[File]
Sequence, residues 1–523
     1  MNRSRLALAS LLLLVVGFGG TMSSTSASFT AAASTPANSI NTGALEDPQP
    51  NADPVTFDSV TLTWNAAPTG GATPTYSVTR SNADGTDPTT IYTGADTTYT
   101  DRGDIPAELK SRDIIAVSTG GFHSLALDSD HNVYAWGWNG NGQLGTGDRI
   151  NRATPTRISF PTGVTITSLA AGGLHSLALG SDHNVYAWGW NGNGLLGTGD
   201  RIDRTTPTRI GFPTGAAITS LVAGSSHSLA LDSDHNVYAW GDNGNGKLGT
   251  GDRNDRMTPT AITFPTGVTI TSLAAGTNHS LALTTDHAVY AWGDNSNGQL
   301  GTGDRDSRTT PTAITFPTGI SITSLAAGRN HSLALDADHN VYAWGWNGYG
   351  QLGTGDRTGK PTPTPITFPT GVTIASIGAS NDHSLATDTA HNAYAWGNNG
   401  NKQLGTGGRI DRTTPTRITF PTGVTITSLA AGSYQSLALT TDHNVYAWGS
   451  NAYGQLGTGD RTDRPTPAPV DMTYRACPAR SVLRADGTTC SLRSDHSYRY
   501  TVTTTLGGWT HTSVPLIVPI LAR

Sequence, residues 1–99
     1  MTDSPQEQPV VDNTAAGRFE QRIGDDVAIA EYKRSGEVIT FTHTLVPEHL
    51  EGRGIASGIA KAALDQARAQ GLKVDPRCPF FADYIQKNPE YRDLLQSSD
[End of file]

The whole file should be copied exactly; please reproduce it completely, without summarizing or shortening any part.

Sequence, residues 1–523
     1  MNRSRLALAS LLLLVVGFGG TMSSTSASFT AAASTPANSI NTGALEDPQP
    51  NADPVTFDSV TLTWNAAPTG GATPTYSVTR SNADGTDPTT IYTGADTTYT
   101  DRGDIPAELK SRDIIAVSTG GFHSLALDSD HNVYAWGWNG NGQLGTGDRI
   151  NRATPTRISF PTGVTITSLA AGGLHSLALG SDHNVYAWGW NGNGLLGTGD
   201  RIDRTTPTRI GFPTGAAITS LVAGSSHSLA LDSDHNVYAW GDNGNGKLGT
   251  GDRNDRMTPT AITFPTGVTI TSLAAGTNHS LALTTDHAVY AWGDNSNGQL
   301  GTGDRDSRTT PTAITFPTGI SITSLAAGRN HSLALDADHN VYAWGWNGYG
   351  QLGTGDRTGK PTPTPITFPT GVTIASIGAS NDHSLATDTA HNAYAWGNNG
   401  NKQLGTGGRI DRTTPTRITF PTGVTITSLA AGSYQSLALT TDHNVYAWGS
   451  NAYGQLGTGD RTDRPTPAPV DMTYRACPAR SVLRADGTTC SLRSDHSYRY
   501  TVTTTLGGWT HTSVPLIVPI LAR

Sequence, residues 1–99
     1  MTDSPQEQPV VDNTAAGRFE QRIGDDVAIA EYKRSGEVIT FTHTLVPEHL
    51  EGRGIASGIA KAALDQARAQ GLKVDPRCPF FADYIQKNPE YRDLLQSSD